"In the next 30 years, the number of people with dementia is expected to triple," WHO Director-General Dr. Tedros Adhanom Ghebreyesus said in a Tuesday press release.
"We need to do everything we can to reduce our risk of dementia. The scientific evidence gathered for these Guidelines confirm what we have suspected for some time, that what is good for our heart, is also good for our brain," Ghebreyesus added.
According to WHO spokesperson Neerja Chowdhary, the study did not take into account the effect of smoking marijuana or environmental factors on the risk of dementia, although there is some evidence that poor sleep and pollution may also be linked to dementia.
The WHO also noted that dietary supplements, such as vitamins B and E, do not counter cognitive decline. In addition, there is insufficient evidence that antidepressant medicine, cognitive training or social activity can prevent or slow down the onset of dementia.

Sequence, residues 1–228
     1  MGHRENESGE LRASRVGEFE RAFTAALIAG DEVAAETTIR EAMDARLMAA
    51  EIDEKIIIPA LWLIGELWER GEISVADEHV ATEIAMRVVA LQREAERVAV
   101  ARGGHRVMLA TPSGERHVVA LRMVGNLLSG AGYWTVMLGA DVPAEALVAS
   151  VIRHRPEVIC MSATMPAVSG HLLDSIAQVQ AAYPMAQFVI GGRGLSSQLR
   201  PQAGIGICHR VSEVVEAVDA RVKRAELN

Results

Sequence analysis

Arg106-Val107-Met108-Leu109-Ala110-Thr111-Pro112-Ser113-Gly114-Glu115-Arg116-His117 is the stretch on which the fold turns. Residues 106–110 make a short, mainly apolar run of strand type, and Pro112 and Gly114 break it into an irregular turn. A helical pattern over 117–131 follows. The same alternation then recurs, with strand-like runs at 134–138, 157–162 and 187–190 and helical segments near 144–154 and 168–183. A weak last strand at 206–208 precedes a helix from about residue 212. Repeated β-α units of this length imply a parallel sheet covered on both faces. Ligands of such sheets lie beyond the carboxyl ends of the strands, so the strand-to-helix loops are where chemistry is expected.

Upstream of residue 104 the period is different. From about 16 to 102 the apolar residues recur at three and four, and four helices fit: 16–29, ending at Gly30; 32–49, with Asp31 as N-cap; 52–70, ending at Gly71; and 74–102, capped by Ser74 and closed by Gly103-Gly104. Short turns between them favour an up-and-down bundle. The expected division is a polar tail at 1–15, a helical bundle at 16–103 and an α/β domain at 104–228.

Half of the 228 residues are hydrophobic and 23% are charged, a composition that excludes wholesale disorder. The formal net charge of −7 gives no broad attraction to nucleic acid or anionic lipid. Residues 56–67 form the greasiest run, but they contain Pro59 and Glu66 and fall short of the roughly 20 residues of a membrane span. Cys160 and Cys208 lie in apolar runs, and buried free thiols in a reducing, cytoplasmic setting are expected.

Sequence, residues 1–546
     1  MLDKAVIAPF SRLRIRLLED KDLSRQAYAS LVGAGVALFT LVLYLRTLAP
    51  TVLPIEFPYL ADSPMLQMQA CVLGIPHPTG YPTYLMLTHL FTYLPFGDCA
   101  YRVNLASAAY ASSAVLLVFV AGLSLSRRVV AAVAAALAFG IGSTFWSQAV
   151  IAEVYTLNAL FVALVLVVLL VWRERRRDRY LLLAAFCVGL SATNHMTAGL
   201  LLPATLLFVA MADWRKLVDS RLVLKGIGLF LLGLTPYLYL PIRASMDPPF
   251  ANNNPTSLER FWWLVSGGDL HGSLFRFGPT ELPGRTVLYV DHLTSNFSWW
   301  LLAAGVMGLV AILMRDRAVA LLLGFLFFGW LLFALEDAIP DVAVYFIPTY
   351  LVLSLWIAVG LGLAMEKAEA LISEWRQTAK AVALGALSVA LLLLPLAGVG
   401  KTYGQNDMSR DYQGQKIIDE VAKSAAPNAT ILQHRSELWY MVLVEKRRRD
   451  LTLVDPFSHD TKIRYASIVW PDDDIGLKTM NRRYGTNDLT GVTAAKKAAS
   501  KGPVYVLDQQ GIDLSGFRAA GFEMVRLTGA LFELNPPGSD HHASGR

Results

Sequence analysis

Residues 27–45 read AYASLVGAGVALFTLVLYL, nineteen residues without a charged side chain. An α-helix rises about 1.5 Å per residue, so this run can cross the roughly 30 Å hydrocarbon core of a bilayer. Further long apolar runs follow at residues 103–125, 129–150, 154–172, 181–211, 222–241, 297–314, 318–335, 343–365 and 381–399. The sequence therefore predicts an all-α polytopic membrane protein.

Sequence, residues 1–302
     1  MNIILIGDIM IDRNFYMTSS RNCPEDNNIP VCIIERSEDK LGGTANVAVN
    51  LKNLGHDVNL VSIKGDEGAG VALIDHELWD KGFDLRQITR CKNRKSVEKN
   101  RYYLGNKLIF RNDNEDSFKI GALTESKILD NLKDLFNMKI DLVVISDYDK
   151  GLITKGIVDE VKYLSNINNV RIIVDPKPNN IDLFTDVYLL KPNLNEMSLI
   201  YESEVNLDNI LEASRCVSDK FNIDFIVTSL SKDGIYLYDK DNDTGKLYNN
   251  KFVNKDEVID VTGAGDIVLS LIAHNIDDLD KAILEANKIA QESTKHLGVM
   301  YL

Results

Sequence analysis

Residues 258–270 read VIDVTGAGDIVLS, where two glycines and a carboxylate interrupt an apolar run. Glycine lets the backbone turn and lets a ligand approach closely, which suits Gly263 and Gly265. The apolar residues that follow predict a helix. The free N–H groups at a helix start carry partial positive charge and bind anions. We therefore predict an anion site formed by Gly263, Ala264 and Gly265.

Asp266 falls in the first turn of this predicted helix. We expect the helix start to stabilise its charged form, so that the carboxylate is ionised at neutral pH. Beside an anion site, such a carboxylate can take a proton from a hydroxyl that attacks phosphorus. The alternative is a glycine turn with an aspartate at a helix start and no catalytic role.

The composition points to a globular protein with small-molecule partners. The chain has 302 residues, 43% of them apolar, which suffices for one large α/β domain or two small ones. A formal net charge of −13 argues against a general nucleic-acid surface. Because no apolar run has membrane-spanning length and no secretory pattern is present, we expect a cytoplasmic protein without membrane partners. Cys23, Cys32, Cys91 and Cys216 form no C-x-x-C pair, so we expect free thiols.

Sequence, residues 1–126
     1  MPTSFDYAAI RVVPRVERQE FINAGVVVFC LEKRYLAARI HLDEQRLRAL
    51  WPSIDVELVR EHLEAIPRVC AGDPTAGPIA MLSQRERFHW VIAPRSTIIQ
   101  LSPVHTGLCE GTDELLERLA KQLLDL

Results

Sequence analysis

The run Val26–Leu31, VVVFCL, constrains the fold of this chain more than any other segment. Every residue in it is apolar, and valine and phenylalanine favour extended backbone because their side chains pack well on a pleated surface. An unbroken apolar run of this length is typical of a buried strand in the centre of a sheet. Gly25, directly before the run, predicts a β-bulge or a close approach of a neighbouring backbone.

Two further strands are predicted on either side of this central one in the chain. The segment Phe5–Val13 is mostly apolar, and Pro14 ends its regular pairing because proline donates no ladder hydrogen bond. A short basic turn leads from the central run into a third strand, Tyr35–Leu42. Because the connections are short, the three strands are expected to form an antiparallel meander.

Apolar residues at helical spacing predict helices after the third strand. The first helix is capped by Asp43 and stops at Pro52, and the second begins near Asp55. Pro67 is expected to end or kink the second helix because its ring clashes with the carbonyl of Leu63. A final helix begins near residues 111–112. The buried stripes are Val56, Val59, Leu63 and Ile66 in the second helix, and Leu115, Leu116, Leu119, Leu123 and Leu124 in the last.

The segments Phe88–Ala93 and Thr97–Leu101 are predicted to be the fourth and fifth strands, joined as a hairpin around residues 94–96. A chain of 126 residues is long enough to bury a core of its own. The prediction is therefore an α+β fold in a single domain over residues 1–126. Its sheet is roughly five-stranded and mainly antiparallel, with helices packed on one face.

"While some people are unlucky and inherit a combination of genes that makes it highly likely they will develop dementia, many people have the opportunity to substantially reduce their risk by living a healthy lifestyle," Tara Spires-Jones, a professor at the University of Edinburgh and program leader at the UK Dementia Research Institute, told the Science Media Center Tuesday.
In addition, the report noted that even though age is a major risk factor for dementia, cognitive decline is not an inevitable effect of old age.
"During the last two decades, several studies have shown a relationship between the development of cognitive impairment and dementia with educational attainment, and lifestyle-related risk factors, such as physical inactivity, tobacco use, unhealthy diets and harmful use of alcohol," the report states.
Dementia affects around 50 million people around the world. There are around 10 million new cases of dementia every year, and this statistic is expected to triple by 2050, according to the report. The cost of caring for dementia patients is predicted to surge to $2 trillion by 2030.
According to the US Centers for Disease Control and Prevention (CDC), there are many types of dementia, but Alzheimer's is the most common. Alzheimer's Disease causes issues with memory, thinking, language and behavior and usually worsens with time.